She clung to it as an escape from the turbid waters below the surface of their conversation.
The water used may be turbid or clear, and it acts, not only for moistening the soil, but as manure.
This solution is not very stable, since on exposure to air it slowly oxidizes and becomes turbid owing to the gradual precipitation of sulphur.
But whatever merits they had as clarifiers of turbid water, the advent of bacteriology, and the recognition of the fact that the bacteria of certain diseases may be water-borne, introduced a new criterion of effectiveness, and it was perceived that the removal of solid particles, or even of organic impurities (which were realized to be important not so much because they are dangerous to health per se as because their presence affords grounds for suspecting that the water in which they occur has been exposed to circumstances permitting contamination with infective disease), was not sufficient; the filter must also prevent the passage of pathogenic organisms, and so render the water sterile bacteriologically.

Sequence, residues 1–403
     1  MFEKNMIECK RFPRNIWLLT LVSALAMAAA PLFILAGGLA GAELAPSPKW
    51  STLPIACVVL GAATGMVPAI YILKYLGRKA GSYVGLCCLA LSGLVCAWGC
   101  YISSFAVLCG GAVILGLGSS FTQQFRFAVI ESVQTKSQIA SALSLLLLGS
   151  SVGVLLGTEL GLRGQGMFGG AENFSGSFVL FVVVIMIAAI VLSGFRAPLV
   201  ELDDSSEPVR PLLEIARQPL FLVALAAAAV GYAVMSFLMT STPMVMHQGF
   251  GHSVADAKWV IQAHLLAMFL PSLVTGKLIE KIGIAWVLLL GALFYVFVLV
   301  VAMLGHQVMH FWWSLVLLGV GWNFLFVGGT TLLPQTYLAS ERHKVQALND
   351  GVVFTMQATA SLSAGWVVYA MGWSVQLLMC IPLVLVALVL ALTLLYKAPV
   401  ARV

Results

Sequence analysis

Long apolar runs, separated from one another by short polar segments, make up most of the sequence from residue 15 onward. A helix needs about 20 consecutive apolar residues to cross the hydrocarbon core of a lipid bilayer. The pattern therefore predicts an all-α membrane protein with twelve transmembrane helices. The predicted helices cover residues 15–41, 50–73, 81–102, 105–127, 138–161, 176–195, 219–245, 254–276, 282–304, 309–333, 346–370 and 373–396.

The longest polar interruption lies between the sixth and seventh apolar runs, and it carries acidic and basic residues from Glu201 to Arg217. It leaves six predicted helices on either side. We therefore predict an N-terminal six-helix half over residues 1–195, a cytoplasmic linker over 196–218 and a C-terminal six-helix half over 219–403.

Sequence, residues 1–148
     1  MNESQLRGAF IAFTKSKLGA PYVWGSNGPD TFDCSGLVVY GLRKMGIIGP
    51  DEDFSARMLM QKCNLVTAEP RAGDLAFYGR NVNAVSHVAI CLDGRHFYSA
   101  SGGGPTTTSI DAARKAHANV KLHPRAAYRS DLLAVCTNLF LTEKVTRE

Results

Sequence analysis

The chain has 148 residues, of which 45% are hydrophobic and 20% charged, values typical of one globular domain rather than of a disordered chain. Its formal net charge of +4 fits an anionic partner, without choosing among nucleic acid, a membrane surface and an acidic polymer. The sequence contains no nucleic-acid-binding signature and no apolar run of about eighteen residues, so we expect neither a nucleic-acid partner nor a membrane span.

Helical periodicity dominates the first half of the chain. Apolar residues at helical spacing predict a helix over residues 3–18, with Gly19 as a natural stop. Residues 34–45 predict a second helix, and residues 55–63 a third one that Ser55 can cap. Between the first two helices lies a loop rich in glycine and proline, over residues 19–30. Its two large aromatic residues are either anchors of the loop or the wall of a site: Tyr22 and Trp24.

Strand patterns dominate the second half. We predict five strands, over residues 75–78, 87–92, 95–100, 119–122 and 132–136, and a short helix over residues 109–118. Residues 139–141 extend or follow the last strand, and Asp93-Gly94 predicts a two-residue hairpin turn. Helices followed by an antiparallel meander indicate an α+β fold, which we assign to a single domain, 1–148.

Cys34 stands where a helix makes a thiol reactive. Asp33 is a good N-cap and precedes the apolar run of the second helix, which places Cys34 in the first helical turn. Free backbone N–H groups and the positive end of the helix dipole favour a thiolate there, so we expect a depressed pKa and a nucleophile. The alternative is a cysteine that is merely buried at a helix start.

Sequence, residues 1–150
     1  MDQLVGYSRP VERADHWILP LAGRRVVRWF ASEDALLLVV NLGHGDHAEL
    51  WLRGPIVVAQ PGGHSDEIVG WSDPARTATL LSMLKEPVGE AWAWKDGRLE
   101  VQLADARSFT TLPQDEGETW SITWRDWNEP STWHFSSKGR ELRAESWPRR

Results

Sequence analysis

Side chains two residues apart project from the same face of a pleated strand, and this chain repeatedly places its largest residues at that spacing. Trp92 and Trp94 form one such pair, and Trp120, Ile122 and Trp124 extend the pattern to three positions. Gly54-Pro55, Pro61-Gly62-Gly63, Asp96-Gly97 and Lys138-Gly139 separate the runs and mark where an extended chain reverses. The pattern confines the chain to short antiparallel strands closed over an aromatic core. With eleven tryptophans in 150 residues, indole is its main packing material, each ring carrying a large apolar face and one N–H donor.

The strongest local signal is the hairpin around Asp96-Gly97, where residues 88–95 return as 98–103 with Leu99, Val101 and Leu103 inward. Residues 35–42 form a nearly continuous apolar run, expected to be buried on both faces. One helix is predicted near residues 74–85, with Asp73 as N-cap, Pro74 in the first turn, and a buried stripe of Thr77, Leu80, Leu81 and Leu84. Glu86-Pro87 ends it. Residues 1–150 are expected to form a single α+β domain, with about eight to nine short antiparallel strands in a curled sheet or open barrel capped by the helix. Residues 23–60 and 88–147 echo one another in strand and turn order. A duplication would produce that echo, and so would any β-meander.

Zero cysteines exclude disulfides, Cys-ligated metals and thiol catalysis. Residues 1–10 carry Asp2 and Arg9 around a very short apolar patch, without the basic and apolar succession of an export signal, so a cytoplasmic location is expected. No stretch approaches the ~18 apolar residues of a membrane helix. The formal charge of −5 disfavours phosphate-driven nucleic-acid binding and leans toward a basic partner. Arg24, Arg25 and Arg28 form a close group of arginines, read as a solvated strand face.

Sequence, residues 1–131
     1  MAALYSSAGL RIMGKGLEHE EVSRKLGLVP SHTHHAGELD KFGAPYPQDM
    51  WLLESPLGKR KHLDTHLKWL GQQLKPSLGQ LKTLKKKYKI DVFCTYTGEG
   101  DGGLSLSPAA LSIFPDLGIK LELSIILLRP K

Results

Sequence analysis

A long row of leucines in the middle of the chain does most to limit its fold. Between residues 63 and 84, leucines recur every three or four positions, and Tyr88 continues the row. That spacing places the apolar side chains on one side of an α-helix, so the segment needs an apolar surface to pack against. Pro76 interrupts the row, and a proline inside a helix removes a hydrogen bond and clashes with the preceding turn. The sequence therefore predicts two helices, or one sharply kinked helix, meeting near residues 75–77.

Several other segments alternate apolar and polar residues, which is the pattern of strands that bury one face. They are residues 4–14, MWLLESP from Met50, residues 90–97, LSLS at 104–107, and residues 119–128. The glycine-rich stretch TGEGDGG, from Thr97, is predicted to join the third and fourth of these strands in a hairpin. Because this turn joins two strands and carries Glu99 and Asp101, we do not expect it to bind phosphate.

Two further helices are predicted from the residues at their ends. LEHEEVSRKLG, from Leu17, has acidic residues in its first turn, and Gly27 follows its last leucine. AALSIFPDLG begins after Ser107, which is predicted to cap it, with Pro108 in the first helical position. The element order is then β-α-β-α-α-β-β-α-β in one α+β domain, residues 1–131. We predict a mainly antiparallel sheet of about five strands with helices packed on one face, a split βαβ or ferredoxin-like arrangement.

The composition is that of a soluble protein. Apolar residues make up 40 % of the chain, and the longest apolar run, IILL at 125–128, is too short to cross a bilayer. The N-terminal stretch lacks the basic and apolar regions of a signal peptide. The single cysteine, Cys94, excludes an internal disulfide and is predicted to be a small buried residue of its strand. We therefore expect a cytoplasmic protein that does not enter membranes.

The stream of history in this period is narrow and turbid throughout the West.